Does anyone remember the oldie-but-goodie movie Tommy Boy? If you fall remotely within the chronological confines of my generation, I know your answer has to be "yes," whether you admit it or not.
Tommy Boy is the epitome of who Chris Farley was as an actor (RIP, Chris...I hope you're in a VAN down by the RIVER somewhere in heaven). It's him at his finest (wait, is that an oxymoron?) and it. is. hilarious. It's full of some of the best movie quotes of all time, many of which I can't share because their content is...errrr...questionable. However, you've gotta love:
"I can't hear you; you're trailing off. And did I hear a niner in there? Were you calling from a walkie-talkie?"
And of course, my favorite and yours:
This is, of course, the piece of comedic genius I ripped off for the title of this post.
You see, I had a (sort-of) Chris Farley incident this past weekend, and knowing how much you, my readers, enjoy laughing at -- I mean, with -- me when it comes to my uncharmed life, I thought I'd share how this...AHEM..."curvy" lady got stuck in the world's smallest bathroom stall. And, I have even taken it upon myself as a personal challenge to use the afore-mentioned story as a springboard for spiritual application.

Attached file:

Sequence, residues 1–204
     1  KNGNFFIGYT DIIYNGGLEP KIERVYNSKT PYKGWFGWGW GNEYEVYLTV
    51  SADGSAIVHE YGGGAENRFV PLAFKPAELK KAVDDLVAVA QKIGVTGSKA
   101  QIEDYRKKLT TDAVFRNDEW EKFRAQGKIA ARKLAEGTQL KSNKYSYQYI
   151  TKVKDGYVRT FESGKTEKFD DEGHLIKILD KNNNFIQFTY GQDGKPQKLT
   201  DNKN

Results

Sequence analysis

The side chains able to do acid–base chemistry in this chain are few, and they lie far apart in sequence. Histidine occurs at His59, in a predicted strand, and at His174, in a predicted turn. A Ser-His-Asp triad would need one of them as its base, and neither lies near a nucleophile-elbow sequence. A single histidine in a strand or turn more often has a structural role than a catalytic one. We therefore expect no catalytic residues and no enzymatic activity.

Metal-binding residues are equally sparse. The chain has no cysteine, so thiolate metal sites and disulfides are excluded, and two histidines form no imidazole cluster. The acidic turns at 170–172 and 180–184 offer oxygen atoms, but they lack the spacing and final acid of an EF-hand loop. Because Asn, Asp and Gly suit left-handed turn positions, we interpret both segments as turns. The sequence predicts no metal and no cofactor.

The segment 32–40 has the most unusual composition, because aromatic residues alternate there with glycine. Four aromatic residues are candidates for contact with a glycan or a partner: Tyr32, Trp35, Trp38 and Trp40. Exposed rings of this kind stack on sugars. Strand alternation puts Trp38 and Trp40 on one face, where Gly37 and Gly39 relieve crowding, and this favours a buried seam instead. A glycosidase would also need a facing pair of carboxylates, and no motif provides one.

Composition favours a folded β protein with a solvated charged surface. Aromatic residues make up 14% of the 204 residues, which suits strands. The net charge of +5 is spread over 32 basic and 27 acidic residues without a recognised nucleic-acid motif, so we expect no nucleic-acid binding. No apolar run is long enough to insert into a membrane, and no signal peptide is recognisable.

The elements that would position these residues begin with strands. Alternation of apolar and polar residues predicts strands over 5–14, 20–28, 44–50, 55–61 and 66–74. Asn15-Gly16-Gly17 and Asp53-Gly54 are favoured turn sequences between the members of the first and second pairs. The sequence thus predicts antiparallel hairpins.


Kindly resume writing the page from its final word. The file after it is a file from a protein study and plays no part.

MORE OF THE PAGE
We'll see how that goes...
For those of you who aren't aware, I'm a musician by trade (a singer, specifically). Last weekend I was invited to sing in a friend's wedding, which was held at an historic theater in downtown Atlanta. It's called the Fabulous Fox Theater, and it IS pretty fabulous. It's fancy, and for a suburban mom like me who makes it through 50% of my days without a shower or makeup, it was borderline like Ellie May Clampett was coming to town.
It was a formal wedding, and at this point in my life I am not much into cocktail-and-beyond attire, so I scrambled to find something appropriate to wear. I donned a red dress with long flowy sleeves, and even squeezed my feet into my black, sequined, peep-toed heels.
I was foxy.